Discover Unclaimed Retirement Benefits

Uncover Forgotten Funds through a Little Investigation

If you want to boost your income, switching jobs can be a smart move. According to a survey by WTW (formerly Willis Towers Watson), the average worker can expect a mere 3.4% salary increase in 2022. However, with inflation exceeding 8%, that raise doesn’t hold the same value.

So, what’s the solution?

Consider making a job change. On average, switching to a new position can result in a 14% increase in earnings, with some job transitions leading to a remarkable 30% higher annual pay. However, with each job change comes a new benefits package, and if you neglect to properly manage your retirement accounts, you risk losing track of employer-sponsored accounts like 401(k)s or 403(b)s.

If you find yourself unsure about the whereabouts of your old retirement accounts, you’re not alone. Many individuals have forgotten about these accounts, giving rise to companies specializing in locating lost retirement funds and assisting with rollovers into individual retirement accounts (IRAs). While utilizing such services may seem convenient, it’s also possible to independently locate your accounts with some research and effort.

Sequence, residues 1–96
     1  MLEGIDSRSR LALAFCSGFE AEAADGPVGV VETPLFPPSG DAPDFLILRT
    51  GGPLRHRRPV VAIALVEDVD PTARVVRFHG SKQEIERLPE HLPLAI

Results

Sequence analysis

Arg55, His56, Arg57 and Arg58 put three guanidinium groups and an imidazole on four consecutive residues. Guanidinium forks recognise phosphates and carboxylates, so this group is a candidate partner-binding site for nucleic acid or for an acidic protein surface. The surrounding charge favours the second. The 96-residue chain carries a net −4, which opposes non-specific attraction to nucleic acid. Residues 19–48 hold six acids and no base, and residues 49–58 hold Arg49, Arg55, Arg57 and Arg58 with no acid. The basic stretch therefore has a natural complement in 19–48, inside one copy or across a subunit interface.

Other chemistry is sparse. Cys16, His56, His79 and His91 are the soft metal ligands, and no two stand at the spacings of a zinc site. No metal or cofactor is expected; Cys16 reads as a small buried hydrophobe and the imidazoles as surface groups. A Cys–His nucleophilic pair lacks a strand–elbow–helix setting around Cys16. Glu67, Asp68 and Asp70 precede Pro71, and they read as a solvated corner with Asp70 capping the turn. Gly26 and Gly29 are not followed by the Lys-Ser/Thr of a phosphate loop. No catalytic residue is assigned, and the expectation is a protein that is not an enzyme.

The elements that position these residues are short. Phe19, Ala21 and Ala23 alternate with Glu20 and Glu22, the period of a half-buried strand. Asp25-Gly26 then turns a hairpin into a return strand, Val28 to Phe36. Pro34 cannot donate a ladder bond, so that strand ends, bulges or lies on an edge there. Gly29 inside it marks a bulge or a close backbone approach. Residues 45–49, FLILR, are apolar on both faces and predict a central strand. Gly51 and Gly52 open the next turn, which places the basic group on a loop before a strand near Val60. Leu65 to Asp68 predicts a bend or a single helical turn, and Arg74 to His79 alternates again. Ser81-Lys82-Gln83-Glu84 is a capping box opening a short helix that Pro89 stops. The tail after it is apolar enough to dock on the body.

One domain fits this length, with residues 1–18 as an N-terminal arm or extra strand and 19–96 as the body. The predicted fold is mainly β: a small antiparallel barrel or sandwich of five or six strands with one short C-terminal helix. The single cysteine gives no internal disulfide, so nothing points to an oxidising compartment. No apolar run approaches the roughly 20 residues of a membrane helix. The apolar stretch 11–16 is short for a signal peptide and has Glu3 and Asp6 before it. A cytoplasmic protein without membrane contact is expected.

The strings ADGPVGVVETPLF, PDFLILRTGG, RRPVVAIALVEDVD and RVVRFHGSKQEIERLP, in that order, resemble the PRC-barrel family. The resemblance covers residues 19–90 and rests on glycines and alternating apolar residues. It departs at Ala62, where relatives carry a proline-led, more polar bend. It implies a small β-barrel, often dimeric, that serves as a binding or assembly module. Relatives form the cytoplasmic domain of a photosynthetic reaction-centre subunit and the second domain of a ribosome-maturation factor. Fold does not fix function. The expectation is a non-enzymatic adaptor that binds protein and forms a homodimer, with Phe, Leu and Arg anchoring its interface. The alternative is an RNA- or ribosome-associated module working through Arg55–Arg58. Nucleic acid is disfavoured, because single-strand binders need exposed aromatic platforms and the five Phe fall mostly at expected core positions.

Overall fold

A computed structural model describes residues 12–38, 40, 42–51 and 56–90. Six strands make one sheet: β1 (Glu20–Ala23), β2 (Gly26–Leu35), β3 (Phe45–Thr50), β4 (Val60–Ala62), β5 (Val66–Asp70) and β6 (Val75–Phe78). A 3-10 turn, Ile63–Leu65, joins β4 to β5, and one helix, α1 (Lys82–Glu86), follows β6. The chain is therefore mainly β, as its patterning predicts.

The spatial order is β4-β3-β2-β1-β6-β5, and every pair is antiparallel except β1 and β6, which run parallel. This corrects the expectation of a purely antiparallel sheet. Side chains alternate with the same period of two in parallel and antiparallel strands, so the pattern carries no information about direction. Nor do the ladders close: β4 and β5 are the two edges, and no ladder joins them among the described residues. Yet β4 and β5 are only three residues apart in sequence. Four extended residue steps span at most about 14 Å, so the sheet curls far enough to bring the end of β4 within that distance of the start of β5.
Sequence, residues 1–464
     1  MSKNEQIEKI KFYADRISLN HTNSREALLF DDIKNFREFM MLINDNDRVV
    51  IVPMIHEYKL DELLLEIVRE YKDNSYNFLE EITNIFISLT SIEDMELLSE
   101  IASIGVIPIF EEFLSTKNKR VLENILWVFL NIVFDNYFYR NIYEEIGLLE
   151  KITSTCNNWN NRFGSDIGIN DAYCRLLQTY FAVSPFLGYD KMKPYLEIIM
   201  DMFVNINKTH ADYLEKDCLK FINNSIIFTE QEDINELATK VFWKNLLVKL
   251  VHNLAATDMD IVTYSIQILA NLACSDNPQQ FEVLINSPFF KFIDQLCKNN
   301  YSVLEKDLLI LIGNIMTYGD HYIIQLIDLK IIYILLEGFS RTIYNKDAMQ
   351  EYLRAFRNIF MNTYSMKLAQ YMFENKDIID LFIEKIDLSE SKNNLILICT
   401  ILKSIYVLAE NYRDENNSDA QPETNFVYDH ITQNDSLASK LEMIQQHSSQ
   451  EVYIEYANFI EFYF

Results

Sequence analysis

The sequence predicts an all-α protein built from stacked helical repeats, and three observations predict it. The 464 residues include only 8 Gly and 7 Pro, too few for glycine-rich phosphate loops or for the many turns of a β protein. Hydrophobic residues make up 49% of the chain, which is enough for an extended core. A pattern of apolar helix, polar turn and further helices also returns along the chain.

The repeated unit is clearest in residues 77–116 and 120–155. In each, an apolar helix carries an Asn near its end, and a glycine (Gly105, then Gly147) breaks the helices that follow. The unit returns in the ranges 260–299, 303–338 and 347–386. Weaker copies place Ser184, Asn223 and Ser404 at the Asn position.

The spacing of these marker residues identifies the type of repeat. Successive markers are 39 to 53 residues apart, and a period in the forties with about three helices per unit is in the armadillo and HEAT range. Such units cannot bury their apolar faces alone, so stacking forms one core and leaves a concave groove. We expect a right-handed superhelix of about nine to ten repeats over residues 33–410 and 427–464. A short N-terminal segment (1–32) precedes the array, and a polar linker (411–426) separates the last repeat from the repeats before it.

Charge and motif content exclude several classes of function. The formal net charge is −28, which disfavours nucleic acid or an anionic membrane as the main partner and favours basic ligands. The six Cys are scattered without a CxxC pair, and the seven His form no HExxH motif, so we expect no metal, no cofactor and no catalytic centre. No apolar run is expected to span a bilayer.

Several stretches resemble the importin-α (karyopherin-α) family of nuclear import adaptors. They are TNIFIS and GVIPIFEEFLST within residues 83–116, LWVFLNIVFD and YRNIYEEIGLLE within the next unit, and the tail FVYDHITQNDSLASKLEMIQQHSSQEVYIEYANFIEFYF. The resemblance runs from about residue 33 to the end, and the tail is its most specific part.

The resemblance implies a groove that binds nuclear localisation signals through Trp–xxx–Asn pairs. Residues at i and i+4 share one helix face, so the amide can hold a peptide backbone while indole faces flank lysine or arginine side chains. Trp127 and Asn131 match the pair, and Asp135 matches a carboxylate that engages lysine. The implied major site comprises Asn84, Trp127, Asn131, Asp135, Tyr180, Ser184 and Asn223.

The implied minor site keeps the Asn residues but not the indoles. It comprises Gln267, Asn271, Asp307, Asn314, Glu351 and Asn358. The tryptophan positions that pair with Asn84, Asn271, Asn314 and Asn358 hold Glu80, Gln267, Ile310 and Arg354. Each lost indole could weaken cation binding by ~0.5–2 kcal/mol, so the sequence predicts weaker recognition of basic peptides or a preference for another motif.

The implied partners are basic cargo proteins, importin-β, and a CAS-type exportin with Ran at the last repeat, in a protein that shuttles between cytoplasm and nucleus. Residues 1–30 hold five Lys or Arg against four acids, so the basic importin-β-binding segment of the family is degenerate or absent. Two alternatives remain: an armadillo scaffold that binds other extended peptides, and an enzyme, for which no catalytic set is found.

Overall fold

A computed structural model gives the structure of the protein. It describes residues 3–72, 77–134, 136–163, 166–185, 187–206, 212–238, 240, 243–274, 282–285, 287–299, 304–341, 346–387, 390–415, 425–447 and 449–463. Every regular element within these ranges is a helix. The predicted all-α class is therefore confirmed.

Key Points to Remember

  • Changing jobs can result in multiple retirement accounts.
  • Some companies offer assistance in locating old accounts.
  • You can conduct your own search with a little legwork.
  • After locating your accounts, consider transferring them to stable investments.

Contact Your Former Employer